Are there any studies to prove that foam rolling actually works?


Now you have all heard us health professionals talk about the benefits of using your foam roller to aid your recovery or improve your performance?  Is there actually any science to back this up?  Yes, there is.  Before I dive into this, I want to mention the mechanisms behind how massage is beneficial. 

There are both physical and psychological aspects to massage.  The physical benefits are as follows:

·      Increased muscle compliance

·      Increased joint range of motion

·      Decreased tissue adhesions

·      Decreased active and passive stiffness

·      Increased muscle blood flow and temperature

·      Increased parasympathetic activity

·      Increased relaxation hormones (dopamine and serotonin)

·      Increased skin blood flow

·      Reduced stress hormones (cortisol and adrenalin)

·      Reduced muscle tension

·      Reduced pain


The psychological benefits of massage are as follows:

·      Reduced anxiety

·      Reduced tension

·      Reduced stress

·      Reduced occurrence of depression

·      Improved mood

·      Increased sense of wellbeing

·      Increased relaxation


When we exercise it is typical to experience various levels of fatigue, which can lead to discomfort and pain, especially if we had a hard training set.  Many are aware of delayed-onset muscle soreness (DOMS).  There are a few theories as to why this occurs such as impairment to excitation-contraction coupling, damage to various muscle fibers, metabolic impairments and peripheral as well as central fatigue are linked to the experience of DOMS as an individual.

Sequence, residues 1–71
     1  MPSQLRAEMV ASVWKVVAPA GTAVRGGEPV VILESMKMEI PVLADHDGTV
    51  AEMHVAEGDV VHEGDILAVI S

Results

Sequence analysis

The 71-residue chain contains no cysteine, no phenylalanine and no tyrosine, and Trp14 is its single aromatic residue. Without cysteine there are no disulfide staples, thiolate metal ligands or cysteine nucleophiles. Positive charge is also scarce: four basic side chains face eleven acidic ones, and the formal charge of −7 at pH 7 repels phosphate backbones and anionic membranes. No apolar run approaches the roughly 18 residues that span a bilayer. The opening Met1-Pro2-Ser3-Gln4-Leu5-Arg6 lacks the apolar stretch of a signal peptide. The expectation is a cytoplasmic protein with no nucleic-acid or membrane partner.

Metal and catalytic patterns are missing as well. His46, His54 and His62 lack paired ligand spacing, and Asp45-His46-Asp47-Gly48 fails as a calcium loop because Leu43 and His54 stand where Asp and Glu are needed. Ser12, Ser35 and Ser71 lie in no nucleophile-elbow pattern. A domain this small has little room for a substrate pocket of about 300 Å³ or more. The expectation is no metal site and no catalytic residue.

In terms of athletic performance this can have a negative effect on being able to train again within 48hrs of a hard training session, or perform for an event if we were a little foolish and had a hard training session too close to an event.  So, can massage or more to the point foam rolling help improve certain physical and psychological performance measures?  Yes, it can.


In a study conducted by Pearcey et al, 2015, they showed that 20 minutes of foam rolling immediately after exercise, 24hrs hours later and 48 hrs later had a significant improvement compared to the control group in a variety of performance measures and experience of DOMS by the athlete.  Foam rolling was shown to aid in the recovery of muscle tenderness associated with DOMS.  Additionally, foam rolling positively affected both sprint speed (30m sprint) and power performances (Broad jump distance) at 24hrs and 72 hrs post exercise.  Additionally, the number of squat repetitions that the athlete could do at 60% 1RM (strength-endurance test) returned to preexercise values by 48hrs in the foam rolling group, while the control group had to wait until 72 hrs.  It would be interesting to run a similar study looking at performance in a time trail with endurance athletes, it is likely that similar benefits would be seen.  The drawback of this study is that it only contained 8 participants, reducing its power, however a few studies have produced similar results.


The proposed mechanisms behind this are related to the list of both physical and psychological aspects of massage listed above.  So, the take home message here is that foam rolling can substantially reduce the negative effects of DOMS on dynamic movements, reduce your recovery time between sessions and help you to return to training faster.  As many athlete’s train and compete on consecutive days it is essential that they consider adding effective and proven methods to aid their recovery such as foam rolling.


Blessings RK.


Reference: Pearcey, E, G. et al. Foam rolling for Delayed-Onset Muscle Soreness and recovery of dynamic performance measures. Journal of Athletic Training. 50(1), 5-13, 2015.